The most memorable and notable story in the collection is the first: “Night Crime.” It stands as an antithesis to A Christmas Carol. In it, Henri Duchemin dreams of how he spends his Christmas Eve trying to purchase some lost human connection with funds from a man he was convinced to murder. Henri travels haphazardly between one loathsome locale to the next, without purpose or agency, only with a feeling of sorrow and helplessness. He cannot buy love from any human, cannot ease his suffering. He visits a bar and buys drinks for all in attendance. He thinks he has earned their love, but realizes that they do not actually like him and so he leaves. He finds a woman, who says she loves him, but when they return to her room, she denies him and says she wants to scream. He leaves without argument. Henri comes to realize that the money for which he killed a man provides no boon but the means to live apart from mankind. Henri awakens and recalls from the dream only an old man who advocates that suffering is the path for redemption—but that notion “did not concern [Henri], for he had never done anyone any harm.” Suffering is merely a state of being, regardless of human action or inaction for good or evil, regardless of any need for redemption—like living in a state akin to original sin. Unlike Ebenezer Scrooge, Henri Duchemin does not come out of his experience finding warmth and redemption in human relations, but rather realizing that respite from cold humanity comes only in solitude.

Many of the stories in this collection concern the narrator’s distrust of significant others—be they wives or girlfriends. In “What I Saw,” a man tries (unsuccessfully) to prove to himself that his girlfriend is faithful even though he insists that he saw her kissing another man. In “Is It A Lie?” a husband fails to convince himself that his wife, who was out all night, is telling the truth about where she was and, ultimately, decides “rather than losing everything, it would be better to suffer in order to have the joy of living with the woman he loved and who had enough respect and fondness for him to go to the trouble of lying.” In “The Story of a Madman,” the narrator severs ties with all friends and family, just to make others suffer and to prove to himself that he can live with the pain of solitary life.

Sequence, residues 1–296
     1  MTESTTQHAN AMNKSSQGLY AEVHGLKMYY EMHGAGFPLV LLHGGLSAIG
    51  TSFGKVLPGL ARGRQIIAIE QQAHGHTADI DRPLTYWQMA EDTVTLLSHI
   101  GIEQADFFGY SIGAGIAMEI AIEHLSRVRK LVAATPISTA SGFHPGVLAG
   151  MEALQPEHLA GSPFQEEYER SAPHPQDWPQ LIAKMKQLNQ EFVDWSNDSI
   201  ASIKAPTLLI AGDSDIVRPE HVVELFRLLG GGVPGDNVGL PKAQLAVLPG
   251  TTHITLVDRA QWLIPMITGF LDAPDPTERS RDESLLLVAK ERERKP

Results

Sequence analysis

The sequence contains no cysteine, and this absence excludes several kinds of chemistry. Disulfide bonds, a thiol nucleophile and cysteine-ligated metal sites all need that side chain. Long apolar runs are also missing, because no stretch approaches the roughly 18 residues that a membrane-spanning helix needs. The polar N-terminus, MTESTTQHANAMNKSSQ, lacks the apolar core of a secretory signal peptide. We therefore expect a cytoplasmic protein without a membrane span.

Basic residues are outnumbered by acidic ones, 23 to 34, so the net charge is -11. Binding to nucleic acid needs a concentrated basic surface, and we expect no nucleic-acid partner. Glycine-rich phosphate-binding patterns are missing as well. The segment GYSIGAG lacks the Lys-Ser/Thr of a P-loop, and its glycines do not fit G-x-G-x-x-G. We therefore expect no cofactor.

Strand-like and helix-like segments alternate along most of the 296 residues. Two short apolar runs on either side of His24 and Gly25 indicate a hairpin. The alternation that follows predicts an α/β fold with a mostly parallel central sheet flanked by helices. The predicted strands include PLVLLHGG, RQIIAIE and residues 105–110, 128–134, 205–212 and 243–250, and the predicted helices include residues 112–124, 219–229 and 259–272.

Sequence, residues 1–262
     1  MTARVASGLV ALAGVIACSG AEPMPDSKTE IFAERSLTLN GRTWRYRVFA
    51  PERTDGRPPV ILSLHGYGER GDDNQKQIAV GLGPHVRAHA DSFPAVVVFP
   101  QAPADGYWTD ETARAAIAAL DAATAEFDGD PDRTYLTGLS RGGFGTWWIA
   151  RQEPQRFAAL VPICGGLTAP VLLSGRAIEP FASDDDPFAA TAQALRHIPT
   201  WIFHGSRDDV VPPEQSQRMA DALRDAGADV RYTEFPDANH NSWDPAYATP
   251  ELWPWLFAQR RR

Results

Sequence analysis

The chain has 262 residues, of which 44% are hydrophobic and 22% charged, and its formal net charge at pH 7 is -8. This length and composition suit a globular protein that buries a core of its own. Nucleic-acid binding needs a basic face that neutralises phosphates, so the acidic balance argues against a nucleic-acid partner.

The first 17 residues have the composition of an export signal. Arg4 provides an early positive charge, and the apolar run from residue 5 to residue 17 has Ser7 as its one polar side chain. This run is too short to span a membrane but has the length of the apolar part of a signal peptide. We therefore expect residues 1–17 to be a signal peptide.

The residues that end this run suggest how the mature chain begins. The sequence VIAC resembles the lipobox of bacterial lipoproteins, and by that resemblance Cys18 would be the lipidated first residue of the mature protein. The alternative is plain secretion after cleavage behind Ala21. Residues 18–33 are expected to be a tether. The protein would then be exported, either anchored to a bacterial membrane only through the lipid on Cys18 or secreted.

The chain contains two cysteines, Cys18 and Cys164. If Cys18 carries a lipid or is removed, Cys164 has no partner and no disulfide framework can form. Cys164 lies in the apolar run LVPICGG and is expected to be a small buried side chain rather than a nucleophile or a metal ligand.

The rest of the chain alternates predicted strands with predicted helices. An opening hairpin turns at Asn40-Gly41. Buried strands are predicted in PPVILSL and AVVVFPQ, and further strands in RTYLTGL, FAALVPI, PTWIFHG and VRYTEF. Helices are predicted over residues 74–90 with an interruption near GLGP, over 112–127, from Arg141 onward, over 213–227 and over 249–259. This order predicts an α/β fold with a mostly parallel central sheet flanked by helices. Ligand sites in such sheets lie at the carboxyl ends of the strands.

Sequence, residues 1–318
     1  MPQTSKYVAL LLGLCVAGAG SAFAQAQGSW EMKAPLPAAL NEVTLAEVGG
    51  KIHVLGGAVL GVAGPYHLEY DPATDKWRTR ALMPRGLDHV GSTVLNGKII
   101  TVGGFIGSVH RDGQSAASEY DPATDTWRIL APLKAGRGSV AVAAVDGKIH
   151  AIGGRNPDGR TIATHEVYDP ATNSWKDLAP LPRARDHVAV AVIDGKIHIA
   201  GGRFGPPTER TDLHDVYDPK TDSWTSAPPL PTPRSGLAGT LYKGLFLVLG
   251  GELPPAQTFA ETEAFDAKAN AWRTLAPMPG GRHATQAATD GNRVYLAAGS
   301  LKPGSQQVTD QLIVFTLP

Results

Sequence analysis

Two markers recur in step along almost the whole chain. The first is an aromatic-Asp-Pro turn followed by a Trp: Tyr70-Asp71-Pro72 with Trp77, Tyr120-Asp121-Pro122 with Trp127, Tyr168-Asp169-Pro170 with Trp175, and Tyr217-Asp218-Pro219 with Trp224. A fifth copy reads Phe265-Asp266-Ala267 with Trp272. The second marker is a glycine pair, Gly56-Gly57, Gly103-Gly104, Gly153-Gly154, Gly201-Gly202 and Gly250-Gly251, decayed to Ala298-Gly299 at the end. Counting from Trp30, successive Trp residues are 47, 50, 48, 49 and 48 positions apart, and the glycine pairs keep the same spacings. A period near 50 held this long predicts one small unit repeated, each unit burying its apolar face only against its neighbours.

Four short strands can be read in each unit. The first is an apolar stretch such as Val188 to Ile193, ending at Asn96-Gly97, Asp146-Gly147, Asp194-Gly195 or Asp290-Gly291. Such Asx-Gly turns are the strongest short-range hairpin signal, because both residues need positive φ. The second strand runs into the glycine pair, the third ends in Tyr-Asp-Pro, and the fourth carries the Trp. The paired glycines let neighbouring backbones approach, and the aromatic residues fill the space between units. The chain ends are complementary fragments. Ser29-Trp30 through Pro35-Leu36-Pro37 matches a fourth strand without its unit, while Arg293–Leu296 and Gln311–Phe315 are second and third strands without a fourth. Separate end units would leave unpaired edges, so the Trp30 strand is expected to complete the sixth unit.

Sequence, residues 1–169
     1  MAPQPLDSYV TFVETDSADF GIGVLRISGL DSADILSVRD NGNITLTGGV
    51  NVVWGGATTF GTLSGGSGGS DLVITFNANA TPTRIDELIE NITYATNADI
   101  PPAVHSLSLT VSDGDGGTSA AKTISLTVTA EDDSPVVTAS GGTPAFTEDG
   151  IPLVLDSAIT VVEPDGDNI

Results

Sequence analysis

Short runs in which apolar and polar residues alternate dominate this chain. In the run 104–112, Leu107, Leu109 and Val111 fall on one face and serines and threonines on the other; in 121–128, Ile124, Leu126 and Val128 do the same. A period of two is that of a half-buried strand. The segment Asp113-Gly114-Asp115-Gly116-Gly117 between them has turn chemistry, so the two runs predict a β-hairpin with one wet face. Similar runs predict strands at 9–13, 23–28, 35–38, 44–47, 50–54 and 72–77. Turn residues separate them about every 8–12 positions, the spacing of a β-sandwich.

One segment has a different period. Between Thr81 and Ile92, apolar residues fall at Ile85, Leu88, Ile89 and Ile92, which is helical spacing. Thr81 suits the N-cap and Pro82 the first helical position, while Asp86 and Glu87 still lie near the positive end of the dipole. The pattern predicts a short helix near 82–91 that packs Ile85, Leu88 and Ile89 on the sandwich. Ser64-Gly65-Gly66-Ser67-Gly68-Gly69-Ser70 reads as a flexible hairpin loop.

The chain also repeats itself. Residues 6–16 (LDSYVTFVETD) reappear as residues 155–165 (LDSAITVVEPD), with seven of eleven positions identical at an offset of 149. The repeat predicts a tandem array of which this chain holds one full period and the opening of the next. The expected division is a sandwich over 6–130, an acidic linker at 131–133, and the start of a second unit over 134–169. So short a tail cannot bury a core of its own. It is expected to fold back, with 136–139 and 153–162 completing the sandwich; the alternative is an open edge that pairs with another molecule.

Bove appears tormented with existential suffering to the extent that all his characters side with suffering, unable to help but to cling to suffering as if, in shedding it, they would discard their humanity. This persistent viewpoint makes for a rather dismal read overall, which is not relieved in the slightest by the terse and repetitive nature of the prose. It is as if Bove must convince himself that he is right in believing that suffering is the primary mode of human existence. In fact, he attempts to convince his audience of his suffering so fervently that I am disinclined to believe him (just as it is hard to believe anyone who must insist that he or she is telling the truth—it reeks ever of falsehood!). I, for one, was left convinced of nothing but the sincerest belief that Bove’s own psychological and financial troubles so colored his own view of the world that he was blind to anything but suffering and so could not write about anything else. His prose seems so tunneled in vision that I have trouble even taking his intimate knowledge of suffering seriously because it lacks the context of the whole human condition—like trying to take seriously a person who fervently insists Twilight is the greatest book ever even though he or she has never finished another book in his or her life.

If you like sad, depressing literature, give Bove a chance. He is not without skill in crafting a memorable tale. It is Bove’s bleak illustration of existence that bothers me so greatly; he seems so consumed with the task of convincing the audience to believe in the miserable state of the world that he becomes a child playing tea party with a reluctant adult, constantly insisting that the adult take another sip from an empty cup. Well, no more tea for me, thank you, but you all are welcome to take my chair and join him at the table if you would like.